Ten years after joining the registry, Aaron became a donor
Aaron joined Gift of Life’s registry of donors in 2002 at a drive held at the Shulamith School for Girls in Brooklyn, NY. He volunteered to become a donor from a desire to help, and although he didn’t really think he would ever be a match, he knew it was a possibility.
Over 10 years later, it became a reality: Aaron learned that he was a potential match for a 61-year-old woman suffering from acute myelogenous leukemia. He said, “Donating was the least I could do. I was able to help potentially save a life with very little difficulty to me. It was an easy decision.”
Aaron donated peripheral blood stem cells, and, though he described the collection as “a little annoying,” he felt well taken care of by his wife and Gift of Life staff. He said that if he ever got the chance to donate and save a life again, he would most definitely do it. He is also interested in meeting the woman he donated to “if and when she is ready,” but he accepts that she might not want to meet. For now, Aaron is just happy to have had the chance to help someone.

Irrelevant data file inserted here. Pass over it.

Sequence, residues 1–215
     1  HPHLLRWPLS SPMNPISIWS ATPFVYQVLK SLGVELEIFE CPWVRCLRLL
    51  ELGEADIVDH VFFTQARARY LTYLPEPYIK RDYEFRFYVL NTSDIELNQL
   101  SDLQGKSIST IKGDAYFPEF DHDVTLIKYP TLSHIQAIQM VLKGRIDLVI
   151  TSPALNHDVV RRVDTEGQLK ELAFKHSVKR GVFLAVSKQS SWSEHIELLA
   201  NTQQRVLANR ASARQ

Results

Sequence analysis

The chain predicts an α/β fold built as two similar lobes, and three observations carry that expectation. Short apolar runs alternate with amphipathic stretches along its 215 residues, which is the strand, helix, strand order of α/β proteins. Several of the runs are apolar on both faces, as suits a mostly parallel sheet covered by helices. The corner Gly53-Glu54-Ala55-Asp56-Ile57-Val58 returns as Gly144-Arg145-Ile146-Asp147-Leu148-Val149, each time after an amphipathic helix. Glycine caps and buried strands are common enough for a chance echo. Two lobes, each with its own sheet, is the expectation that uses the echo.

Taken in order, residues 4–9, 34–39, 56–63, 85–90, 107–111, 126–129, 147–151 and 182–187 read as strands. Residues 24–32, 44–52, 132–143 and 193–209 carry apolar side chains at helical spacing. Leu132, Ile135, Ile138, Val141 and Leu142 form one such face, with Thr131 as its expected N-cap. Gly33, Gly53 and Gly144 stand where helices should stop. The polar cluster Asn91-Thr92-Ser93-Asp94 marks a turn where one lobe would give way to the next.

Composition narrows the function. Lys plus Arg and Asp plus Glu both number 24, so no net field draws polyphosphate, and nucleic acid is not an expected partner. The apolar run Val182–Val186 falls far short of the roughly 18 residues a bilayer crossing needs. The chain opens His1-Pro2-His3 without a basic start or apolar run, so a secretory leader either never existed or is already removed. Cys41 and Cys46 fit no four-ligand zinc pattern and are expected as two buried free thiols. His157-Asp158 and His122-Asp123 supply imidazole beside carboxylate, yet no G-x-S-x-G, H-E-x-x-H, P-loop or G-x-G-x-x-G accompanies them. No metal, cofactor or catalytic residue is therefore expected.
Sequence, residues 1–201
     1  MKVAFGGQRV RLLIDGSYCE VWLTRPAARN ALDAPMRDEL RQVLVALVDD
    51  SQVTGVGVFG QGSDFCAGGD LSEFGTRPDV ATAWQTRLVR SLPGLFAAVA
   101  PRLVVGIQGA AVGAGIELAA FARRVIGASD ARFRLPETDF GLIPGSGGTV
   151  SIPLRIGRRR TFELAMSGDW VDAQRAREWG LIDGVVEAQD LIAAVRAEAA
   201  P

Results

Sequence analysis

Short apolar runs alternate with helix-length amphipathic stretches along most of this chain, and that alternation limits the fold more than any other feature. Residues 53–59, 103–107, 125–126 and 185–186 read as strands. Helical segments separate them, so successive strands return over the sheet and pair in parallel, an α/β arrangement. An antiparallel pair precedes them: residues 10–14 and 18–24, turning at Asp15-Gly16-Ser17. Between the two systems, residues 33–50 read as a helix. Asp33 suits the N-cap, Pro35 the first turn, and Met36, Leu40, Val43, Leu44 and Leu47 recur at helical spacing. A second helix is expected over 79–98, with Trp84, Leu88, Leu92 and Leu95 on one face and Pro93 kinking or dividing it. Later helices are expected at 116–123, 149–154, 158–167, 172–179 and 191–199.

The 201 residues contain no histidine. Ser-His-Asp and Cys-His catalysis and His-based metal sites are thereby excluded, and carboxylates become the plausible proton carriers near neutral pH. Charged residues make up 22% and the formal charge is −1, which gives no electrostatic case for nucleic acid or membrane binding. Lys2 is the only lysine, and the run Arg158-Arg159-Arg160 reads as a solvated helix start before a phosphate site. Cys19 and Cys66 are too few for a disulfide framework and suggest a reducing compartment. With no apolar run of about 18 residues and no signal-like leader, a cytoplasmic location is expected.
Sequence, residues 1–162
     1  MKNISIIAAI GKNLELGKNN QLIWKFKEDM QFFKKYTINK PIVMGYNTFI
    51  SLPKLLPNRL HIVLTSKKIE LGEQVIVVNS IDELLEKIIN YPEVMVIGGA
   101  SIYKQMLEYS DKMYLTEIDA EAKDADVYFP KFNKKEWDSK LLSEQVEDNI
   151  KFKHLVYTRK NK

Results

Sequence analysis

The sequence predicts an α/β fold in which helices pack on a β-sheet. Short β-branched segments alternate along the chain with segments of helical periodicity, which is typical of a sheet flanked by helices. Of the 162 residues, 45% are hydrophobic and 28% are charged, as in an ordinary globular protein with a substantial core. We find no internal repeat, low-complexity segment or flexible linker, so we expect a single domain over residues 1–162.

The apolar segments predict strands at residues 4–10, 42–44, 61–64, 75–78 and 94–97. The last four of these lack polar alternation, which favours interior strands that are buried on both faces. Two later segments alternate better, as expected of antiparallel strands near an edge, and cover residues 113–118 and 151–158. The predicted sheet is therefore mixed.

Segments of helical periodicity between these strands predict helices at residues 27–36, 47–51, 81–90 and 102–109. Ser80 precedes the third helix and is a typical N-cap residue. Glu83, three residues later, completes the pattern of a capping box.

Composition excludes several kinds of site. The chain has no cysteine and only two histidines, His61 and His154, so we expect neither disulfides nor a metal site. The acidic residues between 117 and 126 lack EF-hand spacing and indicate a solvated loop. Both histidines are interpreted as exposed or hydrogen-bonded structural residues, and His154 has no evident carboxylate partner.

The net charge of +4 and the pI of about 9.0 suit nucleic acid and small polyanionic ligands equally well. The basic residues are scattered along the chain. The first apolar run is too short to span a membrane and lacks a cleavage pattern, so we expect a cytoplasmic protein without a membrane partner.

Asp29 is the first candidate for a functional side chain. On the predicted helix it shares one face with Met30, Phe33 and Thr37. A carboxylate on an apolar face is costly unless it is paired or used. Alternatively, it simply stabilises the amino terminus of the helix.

The donation was also a unique opportunity for Aaron to teach his three young children the importance of helping others in need. “My kids watched me get some of the shots before the procedure, and I explained that I could possibly save someone's life with only a little effort,” he said. “I think they were very proud of me.”
Aaron lives in Valley Stream, NY, with his wife and three children. He is an area coordinator for the HASC Center, a non-profit agency dedicated to helping people with intellectual disabilities live as independently as possible.